26Jul July 26, 2021. Monday of Week 17 in Ordinary Time

Monday, July 26, 2021

Seventeenth Week in Ordinary Time

Ss Joachim and Anne, parents of the Blessed Virgin Mary

1st Reading: Ecclesiasticus/Sirach 44: 1, 10-15

Their name lives on for all generations

Let us praise illustrious people,
our ancestors in their successive generations.
Here is a list of generous men
whose good works have not been forgotten.
In their descendants there remains
a rich inheritance born of them.
Their descendants stand by the covenants
and, thanks to them, so do their children’s children.
Their offspring will last for ever,
their glory will not fade.
Their bodies have been buried in peace,
and their name lives on for all generations.
The peoples will proclaim their wisdom,
the assembly will celebrate their praises.

Responsorial: Psalm 131: 11, 13-14, 17-18

R./: God will give him the throne of David, his father

The Lord swore an oath to David;
he will not go back on his word:
‘A son, the fruit of your body,
will I set upon your throne.’ (R./)

For the Lord has chosen Zion;
he has desired it for his dwelling:
‘This is my resting-place for ever,
here have I chosen to live. (R./)

‘There David’s stock will flower:
I will prepare a lamp for my anointed.
I will cover his enemies with shame
but on him my crown shall shine.’ (R./)

Gospel: Matthew 13:10-17

Many prophets and righteous people longed to see what you see

Then the disciples came and asked him, “Why do you speak to them in parables?” He answered, “To you it has been given to know the secrets of the kingdom of heaven, but to them it has not been given. For to those who have, more will be given, and they will have an abundance; but from those who have nothing, even what they have will be taken away. The reason I speak to them in parables is that ‘seeing they do not perceive, and hearing they do not listen, nor do they understand.’ With them indeed is fulfilled the prophecy of Isaiah that says: ‘You will indeed listen, but never understand, and you will indeed look, but never perceive. For this people’s heart has grown dull, and their ears are hard of hearing, and they have shut their eyes; so that they might not look with their eyes, and listen with their ears, and understand with their heart and turn — and I would heal them.’ But blessed are your eyes, for they see, and your ears, for they hear. Truly I tell you, many prophets and righteous people longed to see what you see, but did not see it, and to hear what you hear, but did not hear it.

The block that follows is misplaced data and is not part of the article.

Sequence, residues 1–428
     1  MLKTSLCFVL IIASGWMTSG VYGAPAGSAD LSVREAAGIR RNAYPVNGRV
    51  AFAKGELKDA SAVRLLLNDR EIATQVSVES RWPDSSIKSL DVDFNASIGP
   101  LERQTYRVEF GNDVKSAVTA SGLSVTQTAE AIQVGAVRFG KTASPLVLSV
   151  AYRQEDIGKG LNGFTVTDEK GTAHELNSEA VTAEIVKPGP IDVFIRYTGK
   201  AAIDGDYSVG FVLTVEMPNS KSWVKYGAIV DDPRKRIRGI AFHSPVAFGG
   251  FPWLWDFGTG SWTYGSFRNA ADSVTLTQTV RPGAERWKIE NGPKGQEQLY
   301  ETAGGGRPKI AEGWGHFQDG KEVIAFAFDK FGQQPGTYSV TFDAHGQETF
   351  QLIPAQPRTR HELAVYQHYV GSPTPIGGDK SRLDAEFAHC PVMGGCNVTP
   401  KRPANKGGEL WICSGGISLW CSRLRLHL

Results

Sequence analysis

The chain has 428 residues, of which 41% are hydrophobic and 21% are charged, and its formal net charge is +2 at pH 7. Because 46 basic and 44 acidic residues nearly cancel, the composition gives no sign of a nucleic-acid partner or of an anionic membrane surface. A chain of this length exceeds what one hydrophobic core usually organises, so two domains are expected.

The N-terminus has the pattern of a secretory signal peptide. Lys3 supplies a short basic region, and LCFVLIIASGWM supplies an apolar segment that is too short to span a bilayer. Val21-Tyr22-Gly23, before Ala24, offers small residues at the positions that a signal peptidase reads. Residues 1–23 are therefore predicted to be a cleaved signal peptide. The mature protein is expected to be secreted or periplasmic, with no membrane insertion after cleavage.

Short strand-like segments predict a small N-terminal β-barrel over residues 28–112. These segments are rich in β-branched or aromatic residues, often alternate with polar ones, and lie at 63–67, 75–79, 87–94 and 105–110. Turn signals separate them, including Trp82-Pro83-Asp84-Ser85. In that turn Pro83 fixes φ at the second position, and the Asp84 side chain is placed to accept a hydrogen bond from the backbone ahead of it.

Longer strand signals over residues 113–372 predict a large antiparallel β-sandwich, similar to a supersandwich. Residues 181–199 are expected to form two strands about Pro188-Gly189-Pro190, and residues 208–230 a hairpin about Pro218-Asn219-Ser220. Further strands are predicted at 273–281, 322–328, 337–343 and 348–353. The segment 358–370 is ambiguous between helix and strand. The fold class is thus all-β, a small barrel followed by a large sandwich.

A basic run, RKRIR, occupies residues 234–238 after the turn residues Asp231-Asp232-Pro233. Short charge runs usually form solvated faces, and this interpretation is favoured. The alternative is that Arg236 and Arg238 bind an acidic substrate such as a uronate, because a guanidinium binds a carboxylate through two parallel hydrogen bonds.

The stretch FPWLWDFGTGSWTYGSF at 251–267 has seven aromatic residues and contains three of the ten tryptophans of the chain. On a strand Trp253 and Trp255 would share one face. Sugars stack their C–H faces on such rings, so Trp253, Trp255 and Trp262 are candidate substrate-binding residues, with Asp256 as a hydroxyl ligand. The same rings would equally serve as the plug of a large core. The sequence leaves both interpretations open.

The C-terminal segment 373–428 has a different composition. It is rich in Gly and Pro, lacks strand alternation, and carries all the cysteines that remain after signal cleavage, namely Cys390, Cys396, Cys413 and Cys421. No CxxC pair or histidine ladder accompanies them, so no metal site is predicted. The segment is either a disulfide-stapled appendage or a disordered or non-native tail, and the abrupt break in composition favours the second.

Jesus had grandparents

For a vivid 2nd-century account of the Virgin Mary’s parents and her earliest days, see the Protevangelium of James. This devotional text is worth reading on the feast. While the account is clearly legendary, formed in deliberate parallel to some biblical prototypes, and borrowing themes from the Gospel Infancy Narratives, it probably contains elements of early oral tradition, to help us form a mental picture of the kind of family life lived by Jesus’ grandparents. The childlessness and anguish of the elderly couple, Joachim and Anna, are vividly described in the opening paragraphs:

“Joachim was very grieved, and went to consult the registers of the twelve tribes of the people, saying: “I will see whether I am the only one not to have procreated in Israel.” He searched and found that all the righteous in Israel had raised up posterity. He called to mind about the patriarch Abraham, how at the very end God granted him a son, Isaac. And Joachim was very grieved, and did not come into his wife’s presence but he retired to the desert, and there pitched his tent, and fasted forty days and forty nights, saying to himself: “I will take neither food nor drink until the Lord my God looks upon me, and prayer will be my food and drink.”

Anna his wife mourned twice as much, and doubly lamented, saying: “I will grieve for being a widow as well as being childless.” But … though she was still very grieved, she put off her mourning garments and washed her head, and put on her finery and went down to the garden to walk. There she saw a laurel tree, under which she sat and said this prayer to the Lord, “O God of our fathers, bless me and hear my prayer, as you blessed the womb of Sarah, and gave her a son, Isaac.”

As preparation for the homily, one might browse the rest of the Protevangelium, which was read with devotion by many generations of Christians, to indicate the special circumstances surrounding Our Lady’s birth, according to pious early tradition.